How to protect consumer privacy while preserving the value of data for businesses.
When the COVID-19 pandemic led to widespread shutdowns and stay-at-home orders in March 2020, there were many unknowns, particularly for small businesses that primarily rely on brick-and-mortar customer interactions.
Luckily, many small businesses were able to quickly pivot to using digital tools to stay afloat. A Deloitte survey showed that 77 percent of small-to-medium businesses (SMBs) started using or increased usage of digital tools to conduct business during COVID-19. The survey also showed that the internet quite literally saved many businesses: an increase in digital tool usage was associated with shorter business closure periods during the pandemic.
More specifically, SMBs relied on targeted advertising to reach their customers when they were unable to do so as much in person. According to Deloitte, two-thirds of SMBs also reported use of digital tools for marketing and 44 percent of SMBs started using or increased their use of targeted advertising on social media since the pandemic began. The SMBs that used targeted advertising were twice as likely to report higher revenues.
But even before the pandemic, large and small businesses relied on affordable digital tools to reach potential consumers with advertising based on their interests. Interest-based advertising makes it possible for small businesses and startups in particular to reach individuals that are most likely to need or want their product or service. And this type of advertising provides value to the consumer, too, by making accessible a wider range of niche products that cater to their unique and diverse interests and may not be available at big box retailers or in every state.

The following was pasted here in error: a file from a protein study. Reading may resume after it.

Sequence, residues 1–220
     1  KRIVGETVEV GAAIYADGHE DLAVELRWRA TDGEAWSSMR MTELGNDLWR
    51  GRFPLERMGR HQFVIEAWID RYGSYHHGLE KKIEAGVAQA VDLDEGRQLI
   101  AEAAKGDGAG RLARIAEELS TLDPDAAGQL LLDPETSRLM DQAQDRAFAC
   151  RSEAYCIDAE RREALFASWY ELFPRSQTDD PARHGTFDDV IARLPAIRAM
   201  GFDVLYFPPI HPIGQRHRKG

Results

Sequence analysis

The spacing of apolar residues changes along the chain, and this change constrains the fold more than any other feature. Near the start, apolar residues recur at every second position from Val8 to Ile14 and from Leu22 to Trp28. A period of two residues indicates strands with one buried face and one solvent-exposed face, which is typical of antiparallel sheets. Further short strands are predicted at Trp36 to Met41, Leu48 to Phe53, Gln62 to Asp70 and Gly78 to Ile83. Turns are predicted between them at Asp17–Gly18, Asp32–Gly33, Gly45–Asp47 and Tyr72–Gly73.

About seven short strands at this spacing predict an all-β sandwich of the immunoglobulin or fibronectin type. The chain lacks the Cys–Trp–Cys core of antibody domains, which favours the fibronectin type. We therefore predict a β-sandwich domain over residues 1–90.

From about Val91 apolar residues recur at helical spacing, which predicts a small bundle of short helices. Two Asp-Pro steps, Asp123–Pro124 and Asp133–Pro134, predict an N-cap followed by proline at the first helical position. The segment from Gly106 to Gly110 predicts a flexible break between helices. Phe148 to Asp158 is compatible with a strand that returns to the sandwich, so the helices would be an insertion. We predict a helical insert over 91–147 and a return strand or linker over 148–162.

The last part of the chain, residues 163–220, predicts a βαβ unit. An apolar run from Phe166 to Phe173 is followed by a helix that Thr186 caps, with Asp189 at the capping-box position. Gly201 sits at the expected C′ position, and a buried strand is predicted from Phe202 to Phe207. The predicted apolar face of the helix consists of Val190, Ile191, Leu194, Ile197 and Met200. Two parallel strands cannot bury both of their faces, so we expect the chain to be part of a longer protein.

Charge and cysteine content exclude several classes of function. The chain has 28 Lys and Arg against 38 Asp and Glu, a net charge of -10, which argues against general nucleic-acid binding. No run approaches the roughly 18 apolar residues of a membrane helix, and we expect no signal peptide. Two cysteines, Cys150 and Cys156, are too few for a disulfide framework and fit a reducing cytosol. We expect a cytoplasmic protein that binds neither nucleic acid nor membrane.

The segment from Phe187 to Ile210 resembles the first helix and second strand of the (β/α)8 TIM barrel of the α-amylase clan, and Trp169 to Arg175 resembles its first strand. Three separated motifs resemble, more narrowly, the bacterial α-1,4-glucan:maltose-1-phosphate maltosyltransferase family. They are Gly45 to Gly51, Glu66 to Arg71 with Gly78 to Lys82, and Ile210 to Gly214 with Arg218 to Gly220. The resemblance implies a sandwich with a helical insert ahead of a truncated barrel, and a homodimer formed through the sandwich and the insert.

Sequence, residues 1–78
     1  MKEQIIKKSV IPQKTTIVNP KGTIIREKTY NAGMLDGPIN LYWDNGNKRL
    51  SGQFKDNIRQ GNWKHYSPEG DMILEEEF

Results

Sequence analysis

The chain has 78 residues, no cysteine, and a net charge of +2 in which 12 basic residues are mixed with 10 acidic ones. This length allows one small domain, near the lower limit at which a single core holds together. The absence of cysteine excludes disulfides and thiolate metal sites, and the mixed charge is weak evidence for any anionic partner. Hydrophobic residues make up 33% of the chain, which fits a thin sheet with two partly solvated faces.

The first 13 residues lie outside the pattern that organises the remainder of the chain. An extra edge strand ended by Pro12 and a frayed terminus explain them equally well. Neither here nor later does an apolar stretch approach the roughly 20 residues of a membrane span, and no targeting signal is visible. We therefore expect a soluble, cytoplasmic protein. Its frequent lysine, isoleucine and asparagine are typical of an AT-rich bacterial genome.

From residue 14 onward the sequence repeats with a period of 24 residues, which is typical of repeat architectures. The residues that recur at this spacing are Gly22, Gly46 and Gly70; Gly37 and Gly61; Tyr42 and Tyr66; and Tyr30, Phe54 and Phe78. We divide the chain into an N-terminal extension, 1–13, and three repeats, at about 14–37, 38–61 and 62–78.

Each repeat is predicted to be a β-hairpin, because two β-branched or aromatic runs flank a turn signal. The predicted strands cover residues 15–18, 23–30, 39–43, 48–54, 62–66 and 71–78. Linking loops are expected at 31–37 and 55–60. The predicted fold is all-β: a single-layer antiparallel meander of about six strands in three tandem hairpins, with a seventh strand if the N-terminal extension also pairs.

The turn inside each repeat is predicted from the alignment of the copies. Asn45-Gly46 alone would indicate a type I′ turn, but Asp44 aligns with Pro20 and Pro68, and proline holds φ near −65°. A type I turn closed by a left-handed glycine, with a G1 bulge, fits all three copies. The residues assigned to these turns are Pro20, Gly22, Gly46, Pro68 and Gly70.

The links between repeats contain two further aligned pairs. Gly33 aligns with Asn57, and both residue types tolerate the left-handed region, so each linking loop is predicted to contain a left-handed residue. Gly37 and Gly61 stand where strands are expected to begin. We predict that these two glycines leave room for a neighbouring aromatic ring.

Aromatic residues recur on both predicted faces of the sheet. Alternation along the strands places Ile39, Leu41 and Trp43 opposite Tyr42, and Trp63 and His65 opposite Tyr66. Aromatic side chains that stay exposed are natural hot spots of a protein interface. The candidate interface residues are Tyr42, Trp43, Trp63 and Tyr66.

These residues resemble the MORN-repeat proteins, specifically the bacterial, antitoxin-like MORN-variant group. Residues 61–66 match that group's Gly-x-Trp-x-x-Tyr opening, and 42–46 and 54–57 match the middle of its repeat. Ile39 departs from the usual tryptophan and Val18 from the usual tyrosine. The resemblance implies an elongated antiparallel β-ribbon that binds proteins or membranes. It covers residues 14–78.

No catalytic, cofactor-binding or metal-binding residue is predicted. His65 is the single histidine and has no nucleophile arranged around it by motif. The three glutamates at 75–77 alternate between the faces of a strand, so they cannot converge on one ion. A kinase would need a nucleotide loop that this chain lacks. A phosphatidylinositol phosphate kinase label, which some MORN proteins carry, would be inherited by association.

Interest-based advertising is so effective because it is driven by data. Advertisers utilize data about consumers’ interests and backgrounds to try to predict what ads would be most relevant to each consumer. When responsibly collected and used, this data provides enormous benefits in the form of highly relevant ads for consumers and increased revenues for businesses.
In short, data is critical to the success of both large and small American businesses – and therefore linked to the vibrancy of the U.S. economy.
Onerous restrictions on interest-based advertising and the collection of data that informs such advertising would make it harder for businesses to reach likely customers, increase wasteful advertising directed outside their intended audience, and inhibit the overall effectiveness of advertising campaigns. These consequences are already starting to affect businesses, as some technology platforms have taken it into their own hands to implement restrictions on data collection and use by other businesses. Though well-intentioned, their efforts, under the stated goal of protecting consumer privacy, stand to hurt these businesses and disproportionately affect SMBs who have come to rely on the affordable, highly effective advertising offered by social media platforms.
What is desperately needed is a federal privacy bill that would provide privacy protections to consumers while preserving the ability for all businesses to advertise to their customers and continue to thrive in the marketplace – because it is in fact possible to do both these things. But Congress needs to get it right for the benefit of everyone in the marketplace. According to an ITIF analysis, if a federal bill substantially limited organizations from collecting, using, and sharing data, it could cost $71 billion annually in lost value across the U.S. economy.
Privacy for America’s approach would strike such a balance by giving businesses rules to follow with regard to data collection, which would deliver strong protections to consumers by banning practices that put personal data at risk of breach or misuse – no matter where they live – and allow businesses to continue to advertise in the ways they’ve come to rely on for success.
The absence of federal action on privacy legislation is already having consequences for all consumers and businesses, and Congress would do well to act soon to avoid any more damage to U.S. economy as a whole.
Learn more about the P4A approach to a federal bill: https://www.privacyforamerica.com/overview/